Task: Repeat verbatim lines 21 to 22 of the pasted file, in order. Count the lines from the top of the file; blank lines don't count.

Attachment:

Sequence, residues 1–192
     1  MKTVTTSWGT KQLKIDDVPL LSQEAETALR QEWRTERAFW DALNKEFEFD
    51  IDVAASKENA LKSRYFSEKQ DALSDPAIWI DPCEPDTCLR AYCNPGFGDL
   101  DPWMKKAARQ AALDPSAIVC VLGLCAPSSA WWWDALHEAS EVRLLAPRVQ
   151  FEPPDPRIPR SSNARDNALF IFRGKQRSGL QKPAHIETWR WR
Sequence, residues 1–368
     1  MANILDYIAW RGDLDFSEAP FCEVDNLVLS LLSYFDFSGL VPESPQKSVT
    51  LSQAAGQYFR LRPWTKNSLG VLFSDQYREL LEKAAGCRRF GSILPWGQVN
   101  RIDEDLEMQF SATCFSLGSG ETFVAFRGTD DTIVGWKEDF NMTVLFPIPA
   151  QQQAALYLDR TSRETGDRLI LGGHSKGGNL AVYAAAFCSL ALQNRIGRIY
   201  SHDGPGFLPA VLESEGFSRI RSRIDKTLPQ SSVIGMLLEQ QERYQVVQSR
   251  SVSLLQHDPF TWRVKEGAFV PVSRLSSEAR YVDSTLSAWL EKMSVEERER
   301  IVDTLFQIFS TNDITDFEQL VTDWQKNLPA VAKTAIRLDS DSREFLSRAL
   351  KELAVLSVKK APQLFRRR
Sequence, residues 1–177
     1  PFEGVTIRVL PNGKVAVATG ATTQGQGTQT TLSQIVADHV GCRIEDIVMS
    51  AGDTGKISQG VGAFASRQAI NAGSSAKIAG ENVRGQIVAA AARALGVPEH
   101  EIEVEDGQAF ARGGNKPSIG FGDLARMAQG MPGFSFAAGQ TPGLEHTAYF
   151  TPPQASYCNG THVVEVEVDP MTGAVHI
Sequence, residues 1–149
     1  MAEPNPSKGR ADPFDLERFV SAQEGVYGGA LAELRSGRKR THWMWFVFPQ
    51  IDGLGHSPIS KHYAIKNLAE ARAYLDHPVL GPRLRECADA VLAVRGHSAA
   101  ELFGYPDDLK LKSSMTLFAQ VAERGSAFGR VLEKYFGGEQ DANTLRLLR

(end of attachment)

     1  MAEPNPSKGR ADPFDLERFV SAQEGVYGGA LAELRSGRKR THWMWFVFPQ
    51  IDGLGHSPIS KHYAIKNLAE ARAYLDHPVL GPRLRECADA VLAVRGHSAA